Democratization of Misinformation Monitoring: The Impact of Twitter’s Birdwatch Program
Dr. Jinyang Zheng
Assistant Professor of Management
Management Information Systems
Krannert School of Management, Purdue University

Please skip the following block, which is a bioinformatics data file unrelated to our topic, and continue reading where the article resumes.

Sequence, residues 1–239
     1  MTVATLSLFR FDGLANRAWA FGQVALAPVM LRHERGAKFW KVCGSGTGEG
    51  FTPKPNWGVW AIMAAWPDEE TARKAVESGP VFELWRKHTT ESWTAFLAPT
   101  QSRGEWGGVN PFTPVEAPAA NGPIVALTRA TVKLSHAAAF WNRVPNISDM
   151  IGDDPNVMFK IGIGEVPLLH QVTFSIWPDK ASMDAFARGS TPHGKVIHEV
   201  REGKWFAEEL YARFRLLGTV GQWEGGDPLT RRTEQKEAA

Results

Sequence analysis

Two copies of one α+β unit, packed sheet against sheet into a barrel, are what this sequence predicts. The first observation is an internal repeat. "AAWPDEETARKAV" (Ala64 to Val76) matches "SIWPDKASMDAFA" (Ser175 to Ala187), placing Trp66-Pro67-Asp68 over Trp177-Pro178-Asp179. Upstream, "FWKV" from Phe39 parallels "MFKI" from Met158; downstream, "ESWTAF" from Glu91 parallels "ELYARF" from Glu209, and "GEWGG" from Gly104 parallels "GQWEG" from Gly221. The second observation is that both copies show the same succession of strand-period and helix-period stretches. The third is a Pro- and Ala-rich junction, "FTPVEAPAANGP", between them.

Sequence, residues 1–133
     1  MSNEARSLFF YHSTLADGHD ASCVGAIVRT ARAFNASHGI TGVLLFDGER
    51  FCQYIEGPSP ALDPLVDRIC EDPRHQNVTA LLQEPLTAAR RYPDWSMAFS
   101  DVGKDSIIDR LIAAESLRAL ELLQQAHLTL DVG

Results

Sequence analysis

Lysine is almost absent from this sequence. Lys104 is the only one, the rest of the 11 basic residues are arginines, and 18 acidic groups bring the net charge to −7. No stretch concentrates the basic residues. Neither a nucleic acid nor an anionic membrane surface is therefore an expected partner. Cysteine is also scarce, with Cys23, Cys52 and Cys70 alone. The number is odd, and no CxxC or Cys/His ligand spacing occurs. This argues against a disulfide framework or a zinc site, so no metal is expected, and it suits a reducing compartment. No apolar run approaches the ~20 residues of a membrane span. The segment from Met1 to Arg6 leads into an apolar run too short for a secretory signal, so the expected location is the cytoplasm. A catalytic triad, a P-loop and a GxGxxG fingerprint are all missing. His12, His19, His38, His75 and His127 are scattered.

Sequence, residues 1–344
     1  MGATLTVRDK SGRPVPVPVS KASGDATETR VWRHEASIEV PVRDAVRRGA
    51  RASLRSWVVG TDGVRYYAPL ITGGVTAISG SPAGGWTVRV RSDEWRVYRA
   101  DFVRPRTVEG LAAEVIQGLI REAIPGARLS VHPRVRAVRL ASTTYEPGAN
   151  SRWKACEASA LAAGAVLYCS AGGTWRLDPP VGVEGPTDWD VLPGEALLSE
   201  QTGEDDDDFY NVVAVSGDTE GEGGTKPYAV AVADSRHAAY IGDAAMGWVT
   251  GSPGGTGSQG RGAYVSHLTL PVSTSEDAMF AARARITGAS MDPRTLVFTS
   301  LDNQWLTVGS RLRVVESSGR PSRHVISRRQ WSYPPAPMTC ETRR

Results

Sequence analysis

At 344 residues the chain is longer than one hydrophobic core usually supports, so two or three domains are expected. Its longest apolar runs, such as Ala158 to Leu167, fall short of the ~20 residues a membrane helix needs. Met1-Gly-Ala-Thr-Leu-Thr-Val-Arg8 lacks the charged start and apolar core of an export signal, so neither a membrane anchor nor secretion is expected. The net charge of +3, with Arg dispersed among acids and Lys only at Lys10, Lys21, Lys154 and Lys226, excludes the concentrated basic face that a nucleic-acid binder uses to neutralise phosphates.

The centralized misinformation monitoring in social media platforms faces public doubts about controlled speech. Although the democratization of misinformation monitoring is theoretically feasible through crowdsourcing and has been piloted in the field, little is known about its benefit and cost for platforms. This study is the first to explore theoretically the consequence of implementing crowd-based misinformation monitoring in the quality and quantity of users’ content generation, as well as leverage a quasi-field experiment of Twitter’s Birdwatch program to provide causal evidence. With respect to the quality of content, we find an increase in the average cognition in writing, a subjective quality measure, but insignificant changes in the average engagement from other users that reflect quality objectively. The sentiment variance in the created content decreases, implying a reduction in sentiment extremity. These findings, together with a decrease in a machine-learning-calculated probability of misinformation in content, suggest a higher level of performance in misinformation monitoring and, hence, improved average content quality. With respect to the content quantity, the launch of the program decreases the number of tweets created, shortens the average length of tweets, and discourages users from resharing other users’ content, which points to a cost of a lower volume of users’ content generation. A mechanism analysis suggests the average changes in content is at least partially due to a direct effect in terms of the increased quality of content created by users. This study contributes to the literature on crowdsourcing and misinformation and provides significant implications for content platform managers.